Australian Women’s Experiences of Establishing Breastfeeding after Caesarean Birth

Research output: Contribution to journalArticlepeer-review

Abstract

Breastfeeding exclusivity and duration rates are lower after caesarean birth, yet the factors contributing to these are not well understood. This mixed-methods study used an anonymous online questionnaire to examine the facilitators and barriers to establishing breastfeeding as identified by Australian women after a caesarean birth. Quantitative data were reported using descriptive statistics, and multivariable models were used to determine the factors associated with breastfeeding outcomes including the timing of breastfeeding initiation, birth experience, and commercial infant formula use. Qualitative data were analysed using an inductive thematic analysis. Data were obtained for N=961women, of which <50% reported skin-to-skin contact during breastfeeding initiation. The barriers to breastfeeding included aspects of clinical care and reduced mobility, while unrushed care, partner support, and physical help with picking up the baby were helpful. Following a non-elective caesarean birth, women had half the odds of early breastfeeding initiation (OR=0.50;95%CI:0.36, 0.68;p≤0.001) and 10 times the odds to report a negative birth experience (OR=10.2;95%CI:6.88, 15.43;p<0.001).Commercial milk formula use was higher in primiparous women (OR=2.16;95%CI:1.60,2.91;p<0.001) and in those that birthed in a private hospital (OR=1.67;95%CI:1.25,2.32; p=0.001). Pain and reduced mobility, as well as conflicting and rushed care, negatively impacted breastfeeding after a caesarean birth, while delayed breastfeeding initiation, higher pain ratings, and negative birth experiences were more common for women that birthed by non-elective caesarean. This study adds valuable insights into the physical, emotional, and clinical care needs of women in establishing breastfeeding after a surgical birth. Clinical staffing and care should be modified to include full access to partner support to meet the specific needs of breastfeeding women after a caesarean birth.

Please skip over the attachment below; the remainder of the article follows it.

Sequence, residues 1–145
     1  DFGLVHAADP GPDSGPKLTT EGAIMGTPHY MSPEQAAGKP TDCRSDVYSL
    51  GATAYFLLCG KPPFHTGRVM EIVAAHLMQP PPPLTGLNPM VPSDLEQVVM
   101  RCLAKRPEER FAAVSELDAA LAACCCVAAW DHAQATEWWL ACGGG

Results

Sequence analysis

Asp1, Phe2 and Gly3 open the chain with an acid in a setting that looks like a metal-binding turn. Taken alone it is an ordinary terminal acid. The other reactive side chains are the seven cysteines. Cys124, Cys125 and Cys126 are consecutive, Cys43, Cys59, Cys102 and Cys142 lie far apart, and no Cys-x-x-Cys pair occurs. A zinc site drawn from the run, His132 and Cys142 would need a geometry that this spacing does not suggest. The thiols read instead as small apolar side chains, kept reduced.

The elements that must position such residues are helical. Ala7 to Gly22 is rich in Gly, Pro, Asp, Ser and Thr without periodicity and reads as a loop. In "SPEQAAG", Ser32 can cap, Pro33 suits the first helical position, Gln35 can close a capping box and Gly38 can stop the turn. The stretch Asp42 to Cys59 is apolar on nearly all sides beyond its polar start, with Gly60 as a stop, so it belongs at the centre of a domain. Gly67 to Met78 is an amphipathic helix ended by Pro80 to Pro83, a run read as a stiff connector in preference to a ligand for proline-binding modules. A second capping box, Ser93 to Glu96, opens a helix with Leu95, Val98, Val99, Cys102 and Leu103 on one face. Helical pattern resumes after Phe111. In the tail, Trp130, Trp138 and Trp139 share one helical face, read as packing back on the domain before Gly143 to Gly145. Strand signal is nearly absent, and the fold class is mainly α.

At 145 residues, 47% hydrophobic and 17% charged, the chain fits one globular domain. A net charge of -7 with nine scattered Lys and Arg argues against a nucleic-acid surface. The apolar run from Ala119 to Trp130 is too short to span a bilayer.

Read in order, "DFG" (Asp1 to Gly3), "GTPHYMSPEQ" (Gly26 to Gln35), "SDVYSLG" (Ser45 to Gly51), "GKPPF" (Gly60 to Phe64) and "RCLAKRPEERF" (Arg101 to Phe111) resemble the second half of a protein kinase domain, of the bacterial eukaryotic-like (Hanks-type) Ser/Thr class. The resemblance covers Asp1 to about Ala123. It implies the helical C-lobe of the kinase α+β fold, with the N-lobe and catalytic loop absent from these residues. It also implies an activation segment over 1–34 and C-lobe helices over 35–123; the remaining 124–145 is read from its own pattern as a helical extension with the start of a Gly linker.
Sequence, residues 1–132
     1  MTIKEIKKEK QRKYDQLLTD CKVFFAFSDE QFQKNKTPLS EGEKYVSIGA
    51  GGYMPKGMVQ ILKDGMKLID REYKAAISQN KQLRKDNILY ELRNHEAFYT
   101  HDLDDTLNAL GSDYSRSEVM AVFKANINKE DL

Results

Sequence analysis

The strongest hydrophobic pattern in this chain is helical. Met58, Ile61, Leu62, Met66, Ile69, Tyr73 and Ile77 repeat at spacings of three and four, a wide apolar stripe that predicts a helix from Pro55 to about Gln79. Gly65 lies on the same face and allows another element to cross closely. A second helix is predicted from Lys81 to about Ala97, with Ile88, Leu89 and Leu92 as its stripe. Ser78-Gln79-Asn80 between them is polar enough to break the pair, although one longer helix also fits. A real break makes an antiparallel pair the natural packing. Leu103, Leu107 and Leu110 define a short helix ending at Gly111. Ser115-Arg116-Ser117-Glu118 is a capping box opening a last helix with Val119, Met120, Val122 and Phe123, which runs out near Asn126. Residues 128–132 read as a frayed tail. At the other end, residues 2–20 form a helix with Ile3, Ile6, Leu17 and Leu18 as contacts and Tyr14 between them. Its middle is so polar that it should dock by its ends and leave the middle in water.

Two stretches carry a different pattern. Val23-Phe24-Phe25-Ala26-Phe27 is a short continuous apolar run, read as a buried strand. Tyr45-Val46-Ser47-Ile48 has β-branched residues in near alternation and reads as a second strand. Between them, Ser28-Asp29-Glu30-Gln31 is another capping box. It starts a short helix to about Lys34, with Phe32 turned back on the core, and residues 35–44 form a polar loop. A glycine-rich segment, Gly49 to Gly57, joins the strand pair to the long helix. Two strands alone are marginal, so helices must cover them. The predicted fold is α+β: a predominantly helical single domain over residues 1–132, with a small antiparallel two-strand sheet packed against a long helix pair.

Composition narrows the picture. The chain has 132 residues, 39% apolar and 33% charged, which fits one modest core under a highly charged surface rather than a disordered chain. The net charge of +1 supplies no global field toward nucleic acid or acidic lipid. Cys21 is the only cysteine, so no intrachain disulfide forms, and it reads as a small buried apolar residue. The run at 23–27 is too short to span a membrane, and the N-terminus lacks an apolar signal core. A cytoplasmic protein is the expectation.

Original languageEnglish
Article number296
JournalInternational Journal of Environmental Research and Public Health
Volume21
Issue number3
DOIs
Publication statusPublished - 3 Mar 2024

Fingerprint

Dive into the research topics of 'Australian Women’s Experiences of Establishing Breastfeeding after Caesarean Birth'. Together they form a unique fingerprint.

Cite this